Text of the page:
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Seven's Heaven: Shucks, guess playing with an all-woman band ain't that bad.

Ladies' Man

Dave Alvin lets girls kick his ass. See how they do it this Thursday at the Rio.

By Steve Palopoli

WOULD YOU trust your music career to the man who wrote the lines "She was a winner/That became a doggie's dinner?" Dave Alvin does.

It may not be easy to imagine Alvin, perhaps the most quintessentially Californian songwriter of the last three decades, buddying up to Nick Lowe, the droll British tunesmith best known for "(What's So Funny 'Bout) Peace Love and Understanding," who wrote the puppy chow lyrics for his "tribute" song to loopy silent-film star Marie Prevost. But ever since Alvin's former band the Blasters toured with him in Europe back in the early '80s, Lowe's sort of been his songwriting swami.

"I've known Nick a long time," says Alvin. "We don't go camping or anything. But I actually owe him my solo career. I'd been writing all these songs for my brother Phil to sing, and he told me, 'You should sing your own songs, mate.' I told him, 'I can't sing.' He said, ' I can't either, and it's never stopped me.'"

Flash-forward to last summer, at the Hardly Strictly Bluegrass festival in San Francisco's Golden Gate Park. Alvin had played Hardly Strictly before, but this time when the organizers called, he was dealing with the death of his best friend and longtime fixture in his backing band the Guilty Men, Chris Gaffney. He wanted something to shake things up. They asked him what he wanted to do, and he said, "All women band." He immediately assembled an all-star ensemble featuring his fellow roots vets Amy Farris, Laurie Lewis, Nina Gerber, Cindy Cashdollar, Sarah Brown, Christy McWilson and Lisa Pankrantz. Dave Alvin and the Guilty Women was born.

That first gig at Hardly Strictly in October, they happened to be on the same stage as Lowe, who caught their set. Afterward he told Alvin, "You know what, mate? It could have been a gimmick, but it wasn't." This time, Alvin didn't need convincing. He took the whole group into the studio to record the newly released Dave Alvin and the Guilty Women, and booked a cross-country tour that comes to the Rio on Thursday. Seat-of-the-pants has been the MO, and so far it's working. "It all fell into place quickly," he says. "We were playing onstage with literally no rehearsal." And sometimes, that's the best way to go, as he discovered when they recorded the Tim Hardin song "Don't Make Promises."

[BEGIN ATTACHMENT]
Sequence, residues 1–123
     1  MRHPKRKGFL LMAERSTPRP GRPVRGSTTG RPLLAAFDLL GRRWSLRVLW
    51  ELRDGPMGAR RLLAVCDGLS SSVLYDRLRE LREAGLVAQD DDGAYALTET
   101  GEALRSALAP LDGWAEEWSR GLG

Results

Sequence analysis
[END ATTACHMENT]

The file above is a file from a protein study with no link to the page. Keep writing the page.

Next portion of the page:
"About two-thirds of the song is this spontaneous jam that just happened. Nobody saw that coming. And if we'd rehearsed, it never would have happened. So there are pluses and minuses to no rehearsal," he says.

Alvin had played previously with all of his new band mates, but never all together. In picking the band, he went for a mix of different backgrounds--Lewis is best known for bluegrass, Cashdollar for Western swing, Gerber for folk and Brown for blues. But he admits he doesn't know why exactly it's been working so well.

"If I think too much about it, it won't be there. I just trust that it's there," he says. "I knew what everybody was capable of. I knew that no matter how much I screwed it up, it would still sound great."

And what is it like to have that traditional American band ratio of one girl to several guys suddenly flipped.

""When you're in the studio, there's really no difference. That's nonsexual. There's no testosterone, no estrogen," he says. "And onstage, I tend not to notice. Although, at the risk of sounding New Age, there's kind of a female energy. Surrounded by that, as a guy, maybe you're in more loving arms."

After a few months on tour, though, all bets are off. "We'll see. They may get sick of my jazz pretty quick."

And he's got his limits, too.

"I'm getting tired of getting my ass whupped," he admits. "I've been playing acoustic on this tour, but I'm switching over to electric so I can get some licks in. I've got to wail a little bit, because these women are kicking my ass."

On this tour, Alvin is also promoting another record that's close to his heart--the Gaffney tribute Man of Somebody's Dreams. Alvin brought together artists like Joe Ely, Los Lobos, Alejandro Escovedo and Calexico to record songs written by Gaffney, who died in 2008 of liver cancer.

"Aside from being my best friend, he was a really talented guy who never got a break," Alvin says. "He's going to get his goddamned break, if it's the last thing I do. In 10 years, I want people to say to me, 'You knew Chris Gaffney?'"

Nor has the passing of time made Gaffney's death any easier to deal with. Alvin is just doing the best he can.

"You don't get over that," he says. "You put together an all-woman band and you go with it."

DAVE ALVIN AND THE GUILTY WOMEN play Thursday, June 18, at 7:30pm at the Rio Theatre, 1205 Soquel Ave., Santa Cruz. Tickets are $22 advance/$26 door; or 831.479.9421.

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